Nvidia Shield, portable game console, reviewed

Nvidia's Shield is the chipmaker's big push into an already well-stocked portable gaming field. Sony and Nintendo sell millions of handsets, yet their lunch's been conspicuously eaten by Apple's iPhone, and other touchscreen smartphones and tablets, in the last few years.

Resembling a large game controller with a flip-out screen, the $299 monster will win no awards for pocketability, prettiness or pricing. With beefy specs, traditional controls and a versatile, open cut of Android, though, it has a strong appeal to serious gamers—it can even control games streamed live from your PC. What did reviewers make of it?

Sean Hollister, at The Verge, gives it 7.8 out of 10.

I’m hoping the dearth of good Android controller games will be short-lived. Still, it’s chicken and egg: and most game developers won’t dedicate time and effort to building for physical controllers when the iPad and iPhone audience is the most lucrative. The Shield is a capable device for $299, but honestly the $229 Nexus 7 is a better short-term bet.

Sherri L. Smith at Laptop Magazine awards 4/5

The Nvidia Shield takes mobile gaming in an exciting new direction with a powerful Tegra 4 processor, a slew of high-quality games and the ability to wirelessly stream PC titles.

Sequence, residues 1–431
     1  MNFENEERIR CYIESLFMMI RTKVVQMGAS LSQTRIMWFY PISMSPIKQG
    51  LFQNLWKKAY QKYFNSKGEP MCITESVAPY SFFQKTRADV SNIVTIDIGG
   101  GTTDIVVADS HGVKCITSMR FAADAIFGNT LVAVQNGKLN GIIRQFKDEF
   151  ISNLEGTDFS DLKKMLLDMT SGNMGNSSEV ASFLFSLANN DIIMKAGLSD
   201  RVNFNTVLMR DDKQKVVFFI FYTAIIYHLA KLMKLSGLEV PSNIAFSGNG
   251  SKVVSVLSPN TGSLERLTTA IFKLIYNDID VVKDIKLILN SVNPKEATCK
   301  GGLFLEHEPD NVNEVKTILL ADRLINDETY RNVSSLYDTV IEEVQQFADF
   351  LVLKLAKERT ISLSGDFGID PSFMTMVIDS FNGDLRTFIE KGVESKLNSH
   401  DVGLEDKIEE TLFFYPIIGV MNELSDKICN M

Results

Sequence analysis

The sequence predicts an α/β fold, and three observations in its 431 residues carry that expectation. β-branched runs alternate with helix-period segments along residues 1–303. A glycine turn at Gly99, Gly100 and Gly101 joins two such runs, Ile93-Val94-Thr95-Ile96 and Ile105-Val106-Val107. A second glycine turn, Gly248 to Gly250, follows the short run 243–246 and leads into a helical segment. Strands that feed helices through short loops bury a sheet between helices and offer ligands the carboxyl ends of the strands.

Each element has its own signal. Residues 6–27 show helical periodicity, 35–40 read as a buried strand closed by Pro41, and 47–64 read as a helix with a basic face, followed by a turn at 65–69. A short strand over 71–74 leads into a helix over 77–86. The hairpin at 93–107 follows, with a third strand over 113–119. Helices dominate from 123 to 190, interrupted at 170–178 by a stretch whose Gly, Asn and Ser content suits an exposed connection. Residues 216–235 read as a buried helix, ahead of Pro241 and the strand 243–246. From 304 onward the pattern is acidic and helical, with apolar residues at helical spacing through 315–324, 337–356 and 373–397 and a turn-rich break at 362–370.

David Hinkle at Joystiq didn't like it.

It's nowhere near as portable as competing devices. It doesn't fit in your pocket and it weighs a lot more than a tablet. ... The Nvidia Shield is an interesting gadget, and I'm sure it will attract a segment of impassioned devotees, but its viability in the handheld space is questionable. PC streaming is the Shield's chief advantage over other handhelds, but I'm not sure how many PC enthusiasts are keen to trade their high-resolution monitors for a tiny 720p touch screen.

Scott Lowe at IGN gave it 6.8 out of 10.

It's expertly crafted with high-end components and a comfortable, responsive control scheme — albeit with a bulky, uninspired design. The Shield's biggest challenges, however, are content and cost. There are simply too few compelling gameplay experiences on Android to justify a $300 dedicated handheld, and while the PC streaming feature shows promise, it's in dire need of performance and stability enhancements.

Ben Gilbert, at Engadget, thinks its a strange, hard sell.

Let's not kid ourselves: there's one major competitor against the Shield. It's $50 less, similarly powerful and has a much, much better selection of mobile games. Sony's PlayStation Vita isn't a great multimedia device, but it is a very good gaming device.

Shield [Nvidia Store]